How careful are we in HOW we speak to each other? I notice that my conversations are peppered with zingers and one-liners. True, most of them are said in jest, just trying to have some fun and laughs…but they can leave a sting.

Why Is Encouragment A Discipline?
First of all, let’s define Encouragement as an affirmation of God working inside someone else. Sometimes this is going to be cheerleading. Sometimes this is going to be a ‘kick in the pants.’

This was a key tool of Jesus. He spent most of his time after the resurrection with the folks who hurt him the most by their betrayal. It was expected that the religious leaders would throw Jesus to the wolves. Those folks who followed Jesus around but never fully accepted his message were not expected to stand by him either.

But his disciples – that’s another story. They ALL had promised Jesus that they would never betray him. They ALL claimed they could be counted on to the bitter end. Yet, every one of them ran. Not one kept their promise.

When stories surfaced about Jesus rising from the dead, Thomas couldn’t bring himself to believe it. Can you blame him? Do you think the disciples really wanted to see Jesus after their failures in Gethsemane? Do you think they had just a hint of nervous anxiety as well as excitement about seeing him? I’m guessing they had mixed feelings about it at first. That is why Jesus sought after them.

He seals the deal with words of encouragement. He knows that the tasks that lay ahead of these men were like no other in history. They needed to be affirmed and encouraged. So when Jesus walks through the door (literally) to show Thomas his scars, he doesn’t lecture him. He says peace to you and blessed are those who don’t see and still believe. He gives Peter another 3 chances. He seeks out confused believers on their way home to Emmaus to clarify some things. He seals the deal with words of encouragement.

Encouragement refills the tank, blows the wind back in our sails, and puts steel in our bones to continue on the journey of faith. It is an affirmation of God working in them.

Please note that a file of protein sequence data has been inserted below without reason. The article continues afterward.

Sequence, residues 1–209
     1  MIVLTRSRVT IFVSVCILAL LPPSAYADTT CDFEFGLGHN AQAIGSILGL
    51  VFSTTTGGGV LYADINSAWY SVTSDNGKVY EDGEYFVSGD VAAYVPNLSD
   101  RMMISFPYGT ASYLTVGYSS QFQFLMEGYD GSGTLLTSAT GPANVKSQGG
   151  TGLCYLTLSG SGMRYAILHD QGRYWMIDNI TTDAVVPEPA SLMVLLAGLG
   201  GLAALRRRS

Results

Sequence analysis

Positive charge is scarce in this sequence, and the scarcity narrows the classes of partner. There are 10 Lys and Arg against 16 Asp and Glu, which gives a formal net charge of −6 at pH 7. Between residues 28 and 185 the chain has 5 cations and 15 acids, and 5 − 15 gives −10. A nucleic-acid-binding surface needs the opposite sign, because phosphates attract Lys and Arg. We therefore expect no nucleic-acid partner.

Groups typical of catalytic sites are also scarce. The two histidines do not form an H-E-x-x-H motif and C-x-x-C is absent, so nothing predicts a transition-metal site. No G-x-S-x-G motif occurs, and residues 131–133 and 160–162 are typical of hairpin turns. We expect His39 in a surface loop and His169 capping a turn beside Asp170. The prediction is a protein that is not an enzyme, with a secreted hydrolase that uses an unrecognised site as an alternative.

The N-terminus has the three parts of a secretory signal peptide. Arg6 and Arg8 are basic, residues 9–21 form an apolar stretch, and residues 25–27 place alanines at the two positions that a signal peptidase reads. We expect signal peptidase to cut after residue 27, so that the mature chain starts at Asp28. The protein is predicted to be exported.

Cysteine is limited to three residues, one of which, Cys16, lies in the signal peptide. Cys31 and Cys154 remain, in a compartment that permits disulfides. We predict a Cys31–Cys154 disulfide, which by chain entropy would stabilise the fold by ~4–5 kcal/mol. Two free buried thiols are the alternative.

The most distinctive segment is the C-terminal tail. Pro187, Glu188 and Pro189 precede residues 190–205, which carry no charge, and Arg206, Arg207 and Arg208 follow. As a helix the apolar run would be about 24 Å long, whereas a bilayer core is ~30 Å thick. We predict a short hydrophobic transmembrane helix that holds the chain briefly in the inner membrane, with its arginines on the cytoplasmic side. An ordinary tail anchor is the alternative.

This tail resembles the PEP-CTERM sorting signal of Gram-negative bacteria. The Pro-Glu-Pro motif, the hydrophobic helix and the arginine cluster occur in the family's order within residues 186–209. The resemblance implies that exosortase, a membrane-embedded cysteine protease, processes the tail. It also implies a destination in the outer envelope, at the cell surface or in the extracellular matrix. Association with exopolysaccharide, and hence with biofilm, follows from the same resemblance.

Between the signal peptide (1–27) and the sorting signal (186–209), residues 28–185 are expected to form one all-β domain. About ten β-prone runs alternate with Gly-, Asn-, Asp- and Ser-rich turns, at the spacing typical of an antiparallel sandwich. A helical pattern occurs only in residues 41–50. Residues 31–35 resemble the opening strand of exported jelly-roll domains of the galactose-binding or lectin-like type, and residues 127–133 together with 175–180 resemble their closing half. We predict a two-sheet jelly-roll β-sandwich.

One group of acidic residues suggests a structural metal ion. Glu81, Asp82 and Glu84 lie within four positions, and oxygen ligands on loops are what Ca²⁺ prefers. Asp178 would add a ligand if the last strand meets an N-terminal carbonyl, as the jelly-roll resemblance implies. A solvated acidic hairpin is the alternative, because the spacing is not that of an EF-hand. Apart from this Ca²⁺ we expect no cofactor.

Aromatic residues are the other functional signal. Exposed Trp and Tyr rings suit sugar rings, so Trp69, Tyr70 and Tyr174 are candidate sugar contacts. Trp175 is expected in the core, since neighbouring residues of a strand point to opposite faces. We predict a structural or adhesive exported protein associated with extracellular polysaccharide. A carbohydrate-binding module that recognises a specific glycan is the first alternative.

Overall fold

Why Is This So Hard?
Part of the reason is that most of us grew up in homes where encouraging words were sparse. A few of us might have been lucky enough to have someone – a pastor, coach, teacher – to model it for us. As a result, we don’t have that as a part of our history.

Another reason why this is difficult is because it takes some degree of spiritual maturity to see God at work in someone else’s life. When we see someone risk or reach out, do we see a transformational fruit OR do we communicate an “it’s about time” attitude? It’s easier to have the ‘attitude’ than it is to see the fruit. Especially when there is a lot of failure to deal with.

Speaking of failure, it is in these times when God does His best work. It’s our job to affirm that work.

For spiritual formation to take place, we must have verbal encouragement.

What are some creative ways we could do this?

Encouragement sermon

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One thought on “Encouragement

  1. Just finished reading Trent and Smalley’s “The Blessing.” It really speaks to this. They point out that we are all seeking a blessing (mainly from our parents), but that as Christians we are all to be sources of the blessing, not only to our children, but to others in the Body as well. The five elements of the blessing, as laid out by “The blessing” are:
    1. Meaningful Touch
    2. Spoken words
    3. Expression of high value
    4. Picturing a Special Future
    5. Making a commitment
    The book is an easy read and I think has even more general application than the authors point out.


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